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Causes of injuries resulting in hospitalisation in Australia: assessing coder agreement on external causes
  1. K McKenzie1,
  2. E L Enraght-Moony1,
  3. G Waller1,
  4. S M Walker1,
  5. J E Harrison2,
  6. R J McClure3
  1. 1
    National Centre for Classification in Health, Queensland University of Technology, Brisbane, Queensland, Australia
  2. 2
    Research Centre for Injury Studies, Flinders University, Adelaide, South Australia, Australia
  3. 3
    Monash University Accident Research Centre, Monash University, Melbourne, Victoria, Australia
  1. Dr K McKenzie, National Centre for Classification in Health, School of Public Health, Queensland University of Technology, Kelvin Grove 4059, Queensland, Australia; k.mckenzie{at}qut.edu.au

Abstract

Objective: To assess extent of coder agreement for external causes of injury using ICD-10-AM for injury-related hospitalisations in Australian public hospitals.

Methods: A random sample of 4850 discharges from 2002 to 2004 was obtained from a stratified random sample of 50 hospitals across four states in Australia. On-site medical record reviews were conducted and external cause codes were assigned blinded to the original coded data. Code agreement levels were grouped into the following agreement categories: block level, 3-character level, 4-character level, 5th-character level, and complete code level.

Results: At a broad block level, code agreement was found in over 90% of cases for most mechanisms (eg, transport, fall). Percentage disagreement was 26.0% at the 3-character level; agreement for the complete external cause code was 67.6%. For activity codes, the percentage of disagreement at the 3-character level was 7.3% and agreement for the complete activity code was 68.0%. For place of occurrence codes, the percentage of disagreement at the 4-character level was 22.0%; agreement for the complete place code was 75.4%.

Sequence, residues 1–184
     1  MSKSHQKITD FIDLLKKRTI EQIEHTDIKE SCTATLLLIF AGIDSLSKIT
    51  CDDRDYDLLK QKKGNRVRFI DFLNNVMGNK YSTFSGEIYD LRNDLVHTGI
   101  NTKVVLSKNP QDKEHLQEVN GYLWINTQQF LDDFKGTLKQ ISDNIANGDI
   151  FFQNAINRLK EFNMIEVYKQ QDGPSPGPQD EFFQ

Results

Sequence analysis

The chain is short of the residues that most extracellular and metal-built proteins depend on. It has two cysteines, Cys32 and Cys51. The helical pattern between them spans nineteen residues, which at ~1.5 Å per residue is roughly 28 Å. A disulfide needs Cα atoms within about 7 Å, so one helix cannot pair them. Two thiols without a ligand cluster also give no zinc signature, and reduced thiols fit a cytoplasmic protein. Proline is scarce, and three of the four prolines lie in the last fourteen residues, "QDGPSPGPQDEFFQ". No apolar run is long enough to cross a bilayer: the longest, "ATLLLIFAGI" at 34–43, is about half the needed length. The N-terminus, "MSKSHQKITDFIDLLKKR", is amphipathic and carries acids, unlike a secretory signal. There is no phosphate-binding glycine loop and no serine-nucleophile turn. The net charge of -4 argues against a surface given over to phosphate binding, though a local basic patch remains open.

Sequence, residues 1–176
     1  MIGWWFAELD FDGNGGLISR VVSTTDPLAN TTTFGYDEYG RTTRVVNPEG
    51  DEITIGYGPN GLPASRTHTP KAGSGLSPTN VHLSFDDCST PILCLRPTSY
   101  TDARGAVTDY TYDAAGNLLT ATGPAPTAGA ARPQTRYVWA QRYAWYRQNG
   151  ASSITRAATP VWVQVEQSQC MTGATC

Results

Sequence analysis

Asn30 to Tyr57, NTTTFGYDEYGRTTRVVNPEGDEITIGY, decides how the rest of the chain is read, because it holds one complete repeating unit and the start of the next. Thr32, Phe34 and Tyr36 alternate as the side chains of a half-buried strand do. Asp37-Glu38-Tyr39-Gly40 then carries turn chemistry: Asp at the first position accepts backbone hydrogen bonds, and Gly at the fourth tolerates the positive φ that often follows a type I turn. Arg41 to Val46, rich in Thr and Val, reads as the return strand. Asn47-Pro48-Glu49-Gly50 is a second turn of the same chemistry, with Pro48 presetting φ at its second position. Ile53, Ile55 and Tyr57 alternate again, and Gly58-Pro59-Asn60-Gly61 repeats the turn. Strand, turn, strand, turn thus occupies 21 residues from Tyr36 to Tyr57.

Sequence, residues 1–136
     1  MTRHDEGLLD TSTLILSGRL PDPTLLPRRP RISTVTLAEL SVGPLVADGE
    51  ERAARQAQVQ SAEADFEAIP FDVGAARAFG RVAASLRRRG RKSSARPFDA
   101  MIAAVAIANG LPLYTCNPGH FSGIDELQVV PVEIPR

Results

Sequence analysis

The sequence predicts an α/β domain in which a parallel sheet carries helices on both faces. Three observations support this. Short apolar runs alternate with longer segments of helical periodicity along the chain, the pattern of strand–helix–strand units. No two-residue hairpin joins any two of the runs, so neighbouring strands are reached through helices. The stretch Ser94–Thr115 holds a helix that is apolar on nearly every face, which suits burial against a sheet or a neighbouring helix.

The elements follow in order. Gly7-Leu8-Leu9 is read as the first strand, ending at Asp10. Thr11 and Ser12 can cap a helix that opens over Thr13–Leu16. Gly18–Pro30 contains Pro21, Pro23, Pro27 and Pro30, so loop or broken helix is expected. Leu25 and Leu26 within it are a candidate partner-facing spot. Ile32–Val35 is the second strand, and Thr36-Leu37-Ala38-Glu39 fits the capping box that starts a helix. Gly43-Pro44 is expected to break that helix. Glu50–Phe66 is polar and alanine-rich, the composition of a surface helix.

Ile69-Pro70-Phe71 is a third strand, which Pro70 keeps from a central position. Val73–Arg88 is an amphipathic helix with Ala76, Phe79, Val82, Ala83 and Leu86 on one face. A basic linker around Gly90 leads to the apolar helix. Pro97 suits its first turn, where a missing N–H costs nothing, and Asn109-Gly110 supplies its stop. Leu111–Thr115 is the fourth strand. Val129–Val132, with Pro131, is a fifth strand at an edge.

Conclusions: With 68% agreement for complete codes and 74% agreement for 3-character codes, as well as variability in agreement levels across different code blocks, place and activity codes, researchers need to be aware of the reliability of their specific data of interest when they wish to undertake trend analyses or case selection for specific causes of interest.

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Footnotes

  • Funding: This research is funded by an Australian Research Council Linkage Project grant, Injury Prevention and Control Australia, the Victorian Department of Human Services, and the Queensland Health Information Centre.

  • Competing interests: None.

  • Contributors: KMcK contributed to the conceptual design of the manuscript, and was responsible for conducting the literature review, writing the first draft of the manuscript, compiling all authors’ responses, and preparing the final version of the manuscript. ELE-M contributed to the conceptual design of the manuscript, assisted with the literature review, and reviewed and commented on each draft of the manuscript. GW contributed to the conceptual design of the manuscript, conducted the majority of the medical record reviews and data collection, provided context to the manuscript in terms of clinical coding processes, and reviewed and commented on each draft of the manuscript. SMW contributed to the conceptual design of the manuscript, provided context to the manuscript in terms of clinical coding processes, and reviewed and commented on each draft of the manuscript. JEH contributed to the conceptual design of the manuscript, and provided context to the manuscript in terms of injury surveillance implications. RJMcC contributed to the conceptual design of the manuscript, provided context to the manuscript in terms of injury prevention implications, and reviewed and commented on each draft of the manuscript.

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